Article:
Huawei has never and will not spy for the Chinese government, said Ren Zhengfei, founder of the tech giant, in a rare interview on Tuesday as his company undergoes continuous espionage accusations.
“No law requires any company in China to install mandatory back doors,” Ren said to The Wall Street Journal, “I personally would never harm the interest of my customers, and me and my company would not answer to such request.”
According to Bloomberg, the 74-year-old entrepreneur also said there is no “close connection” between his personal political beliefs and the company's business.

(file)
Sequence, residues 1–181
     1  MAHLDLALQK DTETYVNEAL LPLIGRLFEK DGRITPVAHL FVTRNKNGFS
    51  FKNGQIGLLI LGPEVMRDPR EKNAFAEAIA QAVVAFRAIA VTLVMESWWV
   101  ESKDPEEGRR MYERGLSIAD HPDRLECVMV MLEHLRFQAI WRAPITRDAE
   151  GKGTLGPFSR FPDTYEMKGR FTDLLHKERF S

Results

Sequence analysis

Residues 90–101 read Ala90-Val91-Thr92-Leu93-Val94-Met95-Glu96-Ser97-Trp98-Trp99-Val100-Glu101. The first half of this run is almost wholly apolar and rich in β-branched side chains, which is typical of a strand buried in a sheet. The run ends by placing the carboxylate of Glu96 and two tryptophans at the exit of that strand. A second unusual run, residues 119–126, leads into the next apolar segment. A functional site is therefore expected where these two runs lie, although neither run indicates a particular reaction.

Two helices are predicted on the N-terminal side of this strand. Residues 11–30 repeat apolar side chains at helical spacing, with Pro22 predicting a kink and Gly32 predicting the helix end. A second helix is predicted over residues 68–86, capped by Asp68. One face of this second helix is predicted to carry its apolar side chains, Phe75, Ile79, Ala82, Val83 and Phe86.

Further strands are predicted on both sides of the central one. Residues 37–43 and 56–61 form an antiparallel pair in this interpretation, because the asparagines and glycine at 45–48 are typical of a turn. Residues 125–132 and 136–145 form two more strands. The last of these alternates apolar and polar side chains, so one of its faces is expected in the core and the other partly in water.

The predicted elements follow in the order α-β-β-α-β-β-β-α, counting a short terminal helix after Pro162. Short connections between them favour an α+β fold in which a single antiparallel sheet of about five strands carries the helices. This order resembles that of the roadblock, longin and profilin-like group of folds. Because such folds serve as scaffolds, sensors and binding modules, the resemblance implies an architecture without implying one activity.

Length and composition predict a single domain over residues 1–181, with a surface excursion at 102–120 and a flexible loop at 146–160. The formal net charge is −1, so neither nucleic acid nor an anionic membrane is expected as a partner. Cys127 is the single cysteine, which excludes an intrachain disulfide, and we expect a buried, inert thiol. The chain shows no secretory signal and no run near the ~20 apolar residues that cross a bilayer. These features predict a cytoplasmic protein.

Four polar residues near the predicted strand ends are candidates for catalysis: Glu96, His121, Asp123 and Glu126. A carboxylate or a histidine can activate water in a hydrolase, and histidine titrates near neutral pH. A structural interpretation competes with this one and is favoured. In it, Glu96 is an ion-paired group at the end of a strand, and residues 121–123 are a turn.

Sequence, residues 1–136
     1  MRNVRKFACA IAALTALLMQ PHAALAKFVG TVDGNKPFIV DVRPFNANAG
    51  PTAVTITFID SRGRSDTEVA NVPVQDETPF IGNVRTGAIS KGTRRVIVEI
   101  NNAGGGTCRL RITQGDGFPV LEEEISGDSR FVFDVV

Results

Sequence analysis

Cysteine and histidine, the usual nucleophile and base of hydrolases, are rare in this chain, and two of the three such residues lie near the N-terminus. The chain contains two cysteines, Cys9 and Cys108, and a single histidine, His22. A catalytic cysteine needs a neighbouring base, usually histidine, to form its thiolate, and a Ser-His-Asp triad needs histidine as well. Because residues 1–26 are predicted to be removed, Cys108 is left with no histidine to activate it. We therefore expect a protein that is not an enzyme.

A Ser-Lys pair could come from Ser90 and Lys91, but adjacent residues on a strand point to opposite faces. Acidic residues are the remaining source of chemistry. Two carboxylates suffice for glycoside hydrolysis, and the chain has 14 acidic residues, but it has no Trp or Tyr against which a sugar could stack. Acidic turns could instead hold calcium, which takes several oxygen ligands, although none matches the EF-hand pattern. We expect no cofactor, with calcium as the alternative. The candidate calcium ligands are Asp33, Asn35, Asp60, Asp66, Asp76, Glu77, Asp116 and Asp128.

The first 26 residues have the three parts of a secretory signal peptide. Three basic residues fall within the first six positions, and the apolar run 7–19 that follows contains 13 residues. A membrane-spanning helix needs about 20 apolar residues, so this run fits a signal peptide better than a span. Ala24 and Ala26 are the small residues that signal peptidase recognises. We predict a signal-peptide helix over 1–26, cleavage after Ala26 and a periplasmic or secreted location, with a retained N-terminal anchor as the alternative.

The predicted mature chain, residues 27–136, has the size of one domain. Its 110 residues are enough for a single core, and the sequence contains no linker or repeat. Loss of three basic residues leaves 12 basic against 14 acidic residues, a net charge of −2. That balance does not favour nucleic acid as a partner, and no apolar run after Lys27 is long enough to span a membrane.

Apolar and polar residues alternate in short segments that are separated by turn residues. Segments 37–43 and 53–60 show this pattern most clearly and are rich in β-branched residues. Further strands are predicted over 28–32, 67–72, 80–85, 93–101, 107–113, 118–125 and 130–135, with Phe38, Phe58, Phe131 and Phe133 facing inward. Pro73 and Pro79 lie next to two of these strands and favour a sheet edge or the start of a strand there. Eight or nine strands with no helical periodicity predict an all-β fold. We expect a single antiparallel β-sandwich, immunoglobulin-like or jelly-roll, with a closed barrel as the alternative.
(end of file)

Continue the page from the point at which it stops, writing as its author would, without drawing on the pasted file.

“Huawei firmly stands on the side of customers when it comes to cyber security and privacy,” Ren said.
Although Huawei has long rejected security and privacy concerns from Western countries, it has suffered from intensified pressure since the arrest of Ren's daughter, Meng Wanzhou, in the Canadian city of Vancouver where she is a permanent resident, as well as the limits imposed on company in several countries.
But Ren is confident that Huawei's revenue would continue growing to 125 billion U.S. dollars in 2019 from more than 100 billion U.S. dollars in 2018, according to Bloomberg.
“Huawei is not a public company, we don't need a beautiful earnings report,” Ren said. “If they don't want Huawei to be in some markets, we can scale down a bit. As long as we can survive and feed our employees, there's a future for us.”